We identified three key opportunities for improvement to the medical nutrition education initiative at the University of Cambridge, School of Clinical Medicine. Firstly, we believe that the evaluation of students’ nutrition competence could be enhanced in the first clinical year. Given the challenges involved in obtaining completed responses to the evaluation questionnaire, strategies to ensure that all students complete the questionnaire before and 1 month after the nutrition education sessions are recommended. These strategies may include incentives for completion of the survey or promoting the survey as a mandatory nongraded piece of assessment. In addition, the existing ten-item questionnaire was based on a previously developed tool42 which informed the questionnaire used in the early work of NNEdPro.22 Since this time, other tools such as the Nutrition in Patient Care Survey and Nutrition in Medical Education Survey have been developed43 and provide a more comprehensive investigation of students’ changes in nutrition knowledge, attitudes, and practices.7,43–45 It is also important to comprehensively evaluate knowledge, attitudes, and practices as inadequacies in these areas are known to adversely impact on doctors’ ability and willingness to perform nutrition counseling.46–48 Therefore, we recommended that the questionnaire is reviewed to provide an objective, in-depth investigation of students’ changes in confidence and skills.
Secondly, we believe the NERG could include nutrition in written and practice-based clinical exams to drive student learning and provide additional information on students’ nutrition-related competence.26 While the nutrition content is currently not assessed, preliminary discussions have occurred to incorporate nutrition into the written and practical examinations for students in their first clinical year. Incorporation of nutrition into assessments raises the profile of nutrition and reinforces the importance of nutrition in patient care to both students and academics.39 In addition, we suggest it provides a means to measure relevant indicators of nutrition-related clinical effectiveness such as nutrition knowledge, malnutrition identification, along with referral to dietitians and other health professionals.
Thirdly, the current structure of the medical nutrition education initiative utilizes a vertical, spiral approach, where students develop nutrition competence as they progress through their degree. For example, during a practical obesity session in clinical year 1, students have the opportunity to learn and practice appropriate ways to speak with obese patients. Clinical year 3 expands on learning this through incorporating methods of applying these skill and by adapting change management and leadership techniques into their work. To continue the spiral learning process, we recommend that nutrition content is integrated into clinical year 2 and the curriculum in the preclinical years. Horizontal integration into other specialties to increase students’ exposure to nutrition and interdisciplinary specialty nutrition teaching would also be encouraged. Within the preclinical years, nutrition concepts can be signposted in subjects such as biochemistry and physiology or body systems such as gastroenterology, endocrinology, hematology, oncology, and cardiovascular, pulmonary, and renal systems. Signposting is imperative to emphasize the role of diet in disease etiology and provide relevance to the nutrition received by students.25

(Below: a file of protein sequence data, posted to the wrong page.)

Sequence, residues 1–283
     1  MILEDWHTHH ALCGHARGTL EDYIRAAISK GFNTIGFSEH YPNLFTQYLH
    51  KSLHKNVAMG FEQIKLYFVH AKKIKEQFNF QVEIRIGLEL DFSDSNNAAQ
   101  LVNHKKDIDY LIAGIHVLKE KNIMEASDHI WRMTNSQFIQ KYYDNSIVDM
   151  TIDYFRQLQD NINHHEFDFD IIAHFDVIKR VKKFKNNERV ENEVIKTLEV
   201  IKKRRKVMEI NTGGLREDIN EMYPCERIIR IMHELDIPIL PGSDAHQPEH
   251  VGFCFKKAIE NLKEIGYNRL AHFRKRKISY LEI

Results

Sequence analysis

Finally, we suggest that the current curriculum be mapped against the national recommendations of the Academy Nutrition Group of the Academy of the Medical Royal Colleges.27 Mapping the current curriculum to these recommendations will identify components of the recommended curriculum already covered and those that require inclusion after future curricula reviews. Further alignment of the current medical nutrition education with these recommendations is likely to result in comprehensive coverage of relevant nutritional areas.
In this paper, we have provided an overview of the progress of medical nutrition education at the University of Cambridge, School of Clinical Medicine. A vertical, spiral medical nutrition education initiative occurs during the clinically focused years of the undergraduate and graduate medical degree. We identified three factors that have contributed to the success of the initiative, which are the leadership and advocacy skills of the nutrition academic team, the variety of teaching modes, and the multidisciplinary approach to teaching and practice. We outlined opportunities for continuing improvement to the medical nutrition education initiative including review of evaluation tools, inclusion of nutrition in assessment items, and further alignment of the current curricula with the recommended curriculum for medical nutrition education in the UK.
The authors wish to acknowledge Dr Jeremy Woodward, Dr Adrian Park, Dr Lisa Sharkey, Serena Skeret, Carla Pearson, Mary-T Casserly, Jayshree Ramsurun, Mike van der Es, Dr Joan Gandy, Tim Eden, Jean Redmond, and Mary Ghasemi. Dr S Ray is supported primarily by the UK Medical Research Council. The teaching overseen by the NERG is funded through the University of Cambridge Public Health teaching strand.
The authors report no conflicts of interest in this work.